A U D R E Y
"I heard she's got horns under there."
"Horns? No way."
"Yeah, horns, dude. And eats baby hearts and shit. That's at least what Carson told the dean after they broke up."
The Devil Girl. Between classes, they would always see her sitting alone on a park bench on campus. No matter, how cold it was, she'd be there, with a lit cigarette casting a hellish glow upon her carnivorous jawline and cheekbones as she let out a billowing stack of human vapor. That's what it looked like. There was an inhuman lack of variance in her movements, the way she would pace herself between drags, or the way she used her four fingertips to slide the top page until it climbed to the height of its loop and gently came down, every time, the same way as she read her textbook.
She wore a trench coat, with its collar high up by her cheeks. The boys could only imagine what she was hiding under there: gears, circuits, another head. And she kept her fiery red-orange hair wrapped in a tight bun on the top of her head, with bangs like curtains plummeting down her brow like the kind seen in a theater, to hide the horns, of course, descending upon her oblong-shaped gloomy eyes like staring into the hollow orbitals of a grim bringer of death. She had tiny brown freckles that glared into you, the many eyes of an arachnid; a pale bottom lip in which she kept her fangs holstered, and a long, sleek neck that could probably unhinge and stretch, and maybe even expand depending on how large the prey was.
"Don't believe me? Then why don't you go talk to her? See if you can keep her from pulling your soul through your nose."
"Whatever, man, I'll go do it, it's just a girl." There was a curious thing about the siren Devil Girl. It was something the boys at the college had no chance of comprehending, that it was part of a man's basest desires to leave their footprints in things, to evoke a change, to show that they were there. That there was a place where their footsteps would make no lasting impressions, it was something that could simply not be left alone.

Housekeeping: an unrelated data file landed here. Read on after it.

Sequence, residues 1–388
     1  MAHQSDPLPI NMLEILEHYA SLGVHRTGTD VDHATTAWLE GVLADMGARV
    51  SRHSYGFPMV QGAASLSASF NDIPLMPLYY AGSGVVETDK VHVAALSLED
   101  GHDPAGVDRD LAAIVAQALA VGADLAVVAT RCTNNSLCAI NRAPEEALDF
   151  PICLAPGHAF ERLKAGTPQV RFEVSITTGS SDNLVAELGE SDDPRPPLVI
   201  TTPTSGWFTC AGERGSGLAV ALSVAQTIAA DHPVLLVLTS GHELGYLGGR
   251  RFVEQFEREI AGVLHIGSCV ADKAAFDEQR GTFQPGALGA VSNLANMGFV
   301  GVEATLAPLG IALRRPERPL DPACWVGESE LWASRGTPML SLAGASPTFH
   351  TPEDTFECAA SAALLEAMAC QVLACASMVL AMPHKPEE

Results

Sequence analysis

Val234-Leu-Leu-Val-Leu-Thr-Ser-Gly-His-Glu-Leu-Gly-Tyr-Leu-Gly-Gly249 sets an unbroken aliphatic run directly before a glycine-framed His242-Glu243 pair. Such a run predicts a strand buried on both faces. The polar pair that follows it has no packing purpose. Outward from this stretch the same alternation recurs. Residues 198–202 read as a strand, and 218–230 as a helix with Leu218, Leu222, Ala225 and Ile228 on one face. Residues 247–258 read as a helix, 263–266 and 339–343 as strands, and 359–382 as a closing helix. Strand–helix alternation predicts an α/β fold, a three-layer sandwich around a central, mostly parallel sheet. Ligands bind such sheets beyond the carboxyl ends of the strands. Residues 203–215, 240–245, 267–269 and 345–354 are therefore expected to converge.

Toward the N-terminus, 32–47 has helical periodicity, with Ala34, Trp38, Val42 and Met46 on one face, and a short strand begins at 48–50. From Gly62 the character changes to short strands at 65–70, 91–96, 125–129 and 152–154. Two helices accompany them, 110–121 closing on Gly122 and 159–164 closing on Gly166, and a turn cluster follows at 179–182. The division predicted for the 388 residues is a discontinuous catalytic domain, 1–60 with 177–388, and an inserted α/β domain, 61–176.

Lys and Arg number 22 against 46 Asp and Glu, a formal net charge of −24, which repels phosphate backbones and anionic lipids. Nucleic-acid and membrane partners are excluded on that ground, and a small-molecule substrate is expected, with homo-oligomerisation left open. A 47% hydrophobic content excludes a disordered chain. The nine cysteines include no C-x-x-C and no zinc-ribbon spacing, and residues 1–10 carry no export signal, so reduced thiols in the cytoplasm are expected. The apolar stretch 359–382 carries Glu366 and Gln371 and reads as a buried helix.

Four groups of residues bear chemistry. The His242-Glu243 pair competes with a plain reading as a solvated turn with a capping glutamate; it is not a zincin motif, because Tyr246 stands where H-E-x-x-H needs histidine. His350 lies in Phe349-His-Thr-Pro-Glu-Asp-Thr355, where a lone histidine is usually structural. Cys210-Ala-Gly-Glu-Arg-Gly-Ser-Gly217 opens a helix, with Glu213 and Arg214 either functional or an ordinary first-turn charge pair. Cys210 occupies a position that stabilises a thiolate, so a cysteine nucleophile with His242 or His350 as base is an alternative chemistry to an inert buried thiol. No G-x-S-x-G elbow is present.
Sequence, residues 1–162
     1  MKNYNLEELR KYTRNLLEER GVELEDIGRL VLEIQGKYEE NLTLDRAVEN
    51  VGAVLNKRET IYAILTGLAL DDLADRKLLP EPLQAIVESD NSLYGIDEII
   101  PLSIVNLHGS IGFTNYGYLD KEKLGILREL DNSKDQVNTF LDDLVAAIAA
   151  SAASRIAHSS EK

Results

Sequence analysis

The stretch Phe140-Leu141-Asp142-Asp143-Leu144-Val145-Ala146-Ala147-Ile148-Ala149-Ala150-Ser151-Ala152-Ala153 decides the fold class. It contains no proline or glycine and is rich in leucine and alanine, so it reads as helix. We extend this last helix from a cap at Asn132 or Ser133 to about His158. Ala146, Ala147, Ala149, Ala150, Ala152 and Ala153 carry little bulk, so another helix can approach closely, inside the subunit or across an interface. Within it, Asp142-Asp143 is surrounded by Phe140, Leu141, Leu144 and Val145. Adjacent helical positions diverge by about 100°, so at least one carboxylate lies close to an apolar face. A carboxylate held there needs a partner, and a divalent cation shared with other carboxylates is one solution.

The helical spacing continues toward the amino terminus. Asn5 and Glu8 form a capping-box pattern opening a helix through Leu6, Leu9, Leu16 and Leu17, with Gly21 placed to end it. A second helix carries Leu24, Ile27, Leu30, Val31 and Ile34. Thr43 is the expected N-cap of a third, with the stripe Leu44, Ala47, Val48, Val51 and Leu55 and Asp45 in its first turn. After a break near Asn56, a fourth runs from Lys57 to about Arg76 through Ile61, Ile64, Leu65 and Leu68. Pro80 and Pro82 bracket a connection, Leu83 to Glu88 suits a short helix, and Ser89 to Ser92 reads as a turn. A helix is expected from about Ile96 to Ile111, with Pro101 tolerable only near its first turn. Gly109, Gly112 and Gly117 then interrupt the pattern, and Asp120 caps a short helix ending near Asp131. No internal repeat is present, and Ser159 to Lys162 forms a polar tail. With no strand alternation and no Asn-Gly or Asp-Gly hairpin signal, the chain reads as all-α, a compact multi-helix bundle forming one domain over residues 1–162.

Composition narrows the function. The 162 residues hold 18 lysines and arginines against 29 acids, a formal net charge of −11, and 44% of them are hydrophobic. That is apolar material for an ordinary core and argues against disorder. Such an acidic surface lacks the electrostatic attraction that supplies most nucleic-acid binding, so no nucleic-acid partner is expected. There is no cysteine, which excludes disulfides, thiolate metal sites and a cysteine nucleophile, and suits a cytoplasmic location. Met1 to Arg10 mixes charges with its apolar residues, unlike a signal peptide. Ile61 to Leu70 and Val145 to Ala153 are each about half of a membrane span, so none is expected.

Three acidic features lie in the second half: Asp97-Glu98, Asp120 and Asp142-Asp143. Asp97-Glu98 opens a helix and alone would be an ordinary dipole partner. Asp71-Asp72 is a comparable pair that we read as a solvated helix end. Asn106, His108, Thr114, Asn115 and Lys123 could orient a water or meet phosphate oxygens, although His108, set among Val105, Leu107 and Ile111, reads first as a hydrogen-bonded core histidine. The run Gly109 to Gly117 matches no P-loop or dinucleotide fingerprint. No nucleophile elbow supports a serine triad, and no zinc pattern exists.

"That girl's in my Sociology lecture," the boys continued their conversation as the one slowly approached her.
"Talk about irony. She looks like she doesn't want anything to do with people."
"Hey there," he said in a suave, sultry tone. "Mind if I sit down?" She didn't respond. There was no variance in her movements: a drag of the cigarette, a swipe of the page, an exhale of human souls flying out in a cloud. He sat down anyway. His heart was rapidly beating. He searched his mind for something cool to say.
"I hope I'm not being to forward or anything, but, well, I've seen you around a couple times and, you don't seem to ever talk to anybody. I mean, you're pretty cute. I don't see why a girl like you wouldn't have loads of friends."
"You wanna be my friend?" she cooed. It surprised him. Her voice was sweet and angelic. It made him smirk like a fool.
"Be your friend?"
"Well, are interested in me or not, boy?"
"Yeah, sure, I'm interested," he stammered. His cheeks were burning red. "So you wanna go out some time or?" She pointed left, where the stood a big black tree with bare branches. He gulped.
"How about right now?" she whispered.
"Uh, right now?"
"Whaddya say? Let's go right behind that tree. You're not scared are you?"
"Scared? Me? No I'm not scared," he sputtered. "It's just that—"
"I don't believe in wasting any time, especially when comes to something as simple as that."
"Wait. You're serious?"
"What are you, a choir boy?" She pursed her lips together. When she didn't hide them, they were actually quite pink and full. "It is what you want, isn't it?"
"Fuck it, then, let's do it," he said, grabbing her hand. She didn't budge.
"I have to warn you, though, I'm very fickle," she murmured. Her voice had turned cold and ominous. "I'll never tell you, but if I don't like it, I'll bite it off."
He gave a nervous half-chuckle. "What, are you serious?" He looked back at her. Her gloomy eyes, her sharp freckles, they were piercing a hole into his mind and letting all that he was spill out of him in a cold, frightened sweat.
"I know what you boys call me," she said. "The Devil Girl. I admit I didn't like it at first, but, I'm giving you chance right now to see for yourself if the rumors are true. I told you what the stakes are. I may not have horns, but trust me, I've done before and I'll do it again. You have just as good a chance as any other guy. But if you're gonna be a little bitch then don't talk to me."
He gritted his teeth. "Fine then, you kooky bitch let's do it then!"
"You mean, you actually would?" A giant smirk appeared across her face. He looked vexed. "You went from being scared of the Devil Girl biting your little dick off to wanting to fuck behind that tree in under a minute, and all because I challenged your little man pride! Hahaha!" Her laugh was a wicked cackle like that of a witch. His buddies looked on in horror as they watched their friend looking as if he was drowning standing up.
"You are fucked up in the head lady!" She continued to cackle. It was one hundred times the emotion she'd shown all semester, which made it all the more eerie. He stormed past his friends as they chased after him, clamoring to know what happened.
"That's what I told ya. Everyone knows. That girl, Audrey, is the Devil Girl."
YOU ARE READING
*NEW* You don't want to die here, but you won't leave. It'd be so much easier if one could grow wings and fly away from this place. Legend has it, that's how at least one person got away. In the falling snow, she was like a beautiful ghost, a real a...